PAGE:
Potential Mechanisms for Repartitioning of Growth by β-Adrenergic Agonists

  • H. J. Mersmann


A major goal of meat animal production is to generate efficiently an acceptable meat product as a source of protein for humans. In the last several years, there has been considerable interest in using β-adrenergic agonists to repartition growth in animals raised for meat production (Ricks et al., 1984a); oral administration of the β-adrenergic agonists clenbuterol or cimaterol to growing cattle (Ricks et al., 1984b; Hanrahan et al., 1986; Williams et al., 1986; Miller et al., 1988), chickens (Dalrymple et al., 1984a; Hanrahan et al., 1986), pigs (Dal-rymple et al., 1984b; Ricks et al., 1984a; Jones et al., 1985; Hanrahan et al., 1986; Mosher et al., 1986), and sheep (Baker et al., 1984; Beermann et al., 1985, 1986b; Thorntons et al., 1985; Hamby et al., 1986; Hanrahan et al., 1986; Bohorov et al., 1987) increases carcass muscle mass and decreases carcass fat mass. Nitrogen retention increases in calves fed clenbuterol (Williams et al., 1986). The shift toward more muscle and less fat deposition by clenbuterol led to the description of this phenomenon as repartitioning of growth and the designation of such compounds as repartitioning agents. At this time there is one experiment in very young pigs in which an adrenergic agonist did not change body composition; the reason for the negative result is unknown (Mersmann et al., 1987).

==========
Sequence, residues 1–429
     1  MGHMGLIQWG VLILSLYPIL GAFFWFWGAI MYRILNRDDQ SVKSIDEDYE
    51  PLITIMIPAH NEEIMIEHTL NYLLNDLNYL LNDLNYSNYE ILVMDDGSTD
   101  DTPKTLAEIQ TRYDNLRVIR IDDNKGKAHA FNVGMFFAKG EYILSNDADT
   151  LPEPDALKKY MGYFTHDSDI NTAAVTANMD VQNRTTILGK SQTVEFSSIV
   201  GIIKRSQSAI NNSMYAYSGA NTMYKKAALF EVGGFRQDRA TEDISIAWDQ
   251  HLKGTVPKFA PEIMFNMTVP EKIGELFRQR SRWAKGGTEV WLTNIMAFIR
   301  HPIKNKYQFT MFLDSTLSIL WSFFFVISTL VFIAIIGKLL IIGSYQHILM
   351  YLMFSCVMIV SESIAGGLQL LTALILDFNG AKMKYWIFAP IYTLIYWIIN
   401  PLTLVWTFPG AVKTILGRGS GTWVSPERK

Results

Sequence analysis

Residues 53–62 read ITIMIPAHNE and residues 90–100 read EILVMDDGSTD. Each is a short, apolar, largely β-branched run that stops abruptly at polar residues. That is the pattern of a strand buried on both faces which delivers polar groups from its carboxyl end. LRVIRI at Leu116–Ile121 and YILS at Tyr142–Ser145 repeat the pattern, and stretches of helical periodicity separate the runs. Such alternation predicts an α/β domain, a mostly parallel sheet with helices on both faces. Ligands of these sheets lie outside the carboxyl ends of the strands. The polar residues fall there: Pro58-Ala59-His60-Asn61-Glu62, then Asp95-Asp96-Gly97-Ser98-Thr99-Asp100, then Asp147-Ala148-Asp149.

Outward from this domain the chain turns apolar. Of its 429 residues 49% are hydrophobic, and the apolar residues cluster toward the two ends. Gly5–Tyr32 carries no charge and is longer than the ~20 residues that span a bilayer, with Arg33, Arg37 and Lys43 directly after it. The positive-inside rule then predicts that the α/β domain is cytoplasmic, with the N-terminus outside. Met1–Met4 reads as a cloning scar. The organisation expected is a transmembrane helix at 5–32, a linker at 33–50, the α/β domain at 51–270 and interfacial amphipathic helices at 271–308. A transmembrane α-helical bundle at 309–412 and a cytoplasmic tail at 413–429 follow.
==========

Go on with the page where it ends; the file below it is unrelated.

Adipose Tissue Adenylate Cyclase White Adipose Tissue Adrenergic Receptor Adrenergic Agonist 
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Copyright information

© Plenum Press, New York 1989

Authors and Affiliations

  • H. J. Mersmann
    • 1
  1. 1.Agricultural Research Service, Roman L. Hruska U.S. Meat Animal Research Center, Clay CenterUnited States Department of AgricultureUSA

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